County Seat: Jasper • County Population: 35,710 (2010 US Census)
County Judge: Mark Allen
- Precinct 1: Charles Shofner
- Precinct 2: Roy Parker
- Precinct 3: Willie Stark
- Precinct 4: Vance Moss
The Jasper County Courthouse was completed in 1889 and listed on the National Register of Historic Places in 1984. The courthouse was designed by Eugene T. Heiner in an Italianate style with a clock tower, which was removed in 1957. The temple of justice was expanded and stuccoed in 1934, giving it a Neoclassical look. The county completed another courthouse addition in 1960.
The initial Jasper County Courthouse was actually a crude log hut that included two rooms. Historians are not sure who built the structure or when it was completed, as it was destroyed by a fire in October 1849. The second county capitol was erected in 1853, followed by the third and final courthouse that stands today.
One of the original 23 Texas counties, Jasper has a deep history of early pioneers forging independence in a new land. In fact, the county was named for Sgt. William Jasper, a member of Francis Marion’s regiment during the U.S. Revolution.
The area is graced with beautiful historic structures, such as the Swann Hotel built in 1901. The restored building now serves as a bed and breakfast. The Belle-Jim Bed and Breakfast and Restaurant was completed in 1910 and has been refurbished to its original condition, as well. Debney House on Main Street was built in 1853 by R. C. McFarland and is the oldest residence in the city of Jasper. The Jasper County Historical Commission is housed in one of the county’s old jail buildings.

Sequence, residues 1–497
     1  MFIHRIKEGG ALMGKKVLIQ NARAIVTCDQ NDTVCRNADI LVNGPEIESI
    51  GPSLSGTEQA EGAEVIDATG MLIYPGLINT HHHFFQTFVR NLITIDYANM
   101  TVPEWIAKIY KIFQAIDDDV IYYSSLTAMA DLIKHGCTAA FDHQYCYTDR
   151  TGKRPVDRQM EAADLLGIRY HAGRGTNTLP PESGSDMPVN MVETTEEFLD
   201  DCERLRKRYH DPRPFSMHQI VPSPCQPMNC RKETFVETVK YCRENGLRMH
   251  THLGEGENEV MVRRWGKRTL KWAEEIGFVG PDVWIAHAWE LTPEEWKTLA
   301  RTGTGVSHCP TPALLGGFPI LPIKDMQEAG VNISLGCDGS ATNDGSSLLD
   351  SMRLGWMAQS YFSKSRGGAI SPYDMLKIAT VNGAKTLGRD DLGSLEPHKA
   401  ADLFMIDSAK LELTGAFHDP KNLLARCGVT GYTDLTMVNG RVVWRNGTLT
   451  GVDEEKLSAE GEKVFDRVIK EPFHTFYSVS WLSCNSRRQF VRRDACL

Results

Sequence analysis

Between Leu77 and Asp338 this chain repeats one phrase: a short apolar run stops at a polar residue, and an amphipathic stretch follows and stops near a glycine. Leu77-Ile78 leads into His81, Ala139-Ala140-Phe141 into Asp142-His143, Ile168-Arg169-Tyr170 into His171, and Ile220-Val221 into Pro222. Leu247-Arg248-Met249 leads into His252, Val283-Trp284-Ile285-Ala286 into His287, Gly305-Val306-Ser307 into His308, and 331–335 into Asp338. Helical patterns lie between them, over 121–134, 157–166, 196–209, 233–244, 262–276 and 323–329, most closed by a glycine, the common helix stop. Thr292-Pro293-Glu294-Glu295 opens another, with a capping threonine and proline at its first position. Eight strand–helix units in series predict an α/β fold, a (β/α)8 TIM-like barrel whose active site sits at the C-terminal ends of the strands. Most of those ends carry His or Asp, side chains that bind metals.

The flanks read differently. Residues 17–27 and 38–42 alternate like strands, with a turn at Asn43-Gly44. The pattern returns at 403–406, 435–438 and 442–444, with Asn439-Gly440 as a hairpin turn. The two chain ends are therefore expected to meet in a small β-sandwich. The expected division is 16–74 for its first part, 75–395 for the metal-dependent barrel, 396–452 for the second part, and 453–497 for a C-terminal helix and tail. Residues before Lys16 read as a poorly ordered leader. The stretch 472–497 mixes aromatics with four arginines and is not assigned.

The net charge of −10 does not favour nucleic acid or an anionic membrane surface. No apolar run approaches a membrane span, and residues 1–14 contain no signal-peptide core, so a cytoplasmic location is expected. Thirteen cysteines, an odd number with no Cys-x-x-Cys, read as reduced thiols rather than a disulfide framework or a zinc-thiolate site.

The communities of Evadale, Buna and Kirbyville feature large, lush green pastures with cattle grazing bordered by the great pine forests that cover most of Jasper County. Hiking and biking trails wind through the woods, several of which lead down to the Neches and Angelina rivers that flow through Jasper County.
Lake B.A. Steinhagen lies to the west of Jasper County along U.S. 190; a trip further north along U.S. 96 leads to Lake Sam Rayburn, the largest lake in Texas that does not border another state. Due to the pleasant climate, Lake Sam Rayburn offers the opportunity for fishing recreation and tournaments literally year-round, accompanied by plentiful boat launches, camping areas, hiking trails, restaurants and hotels.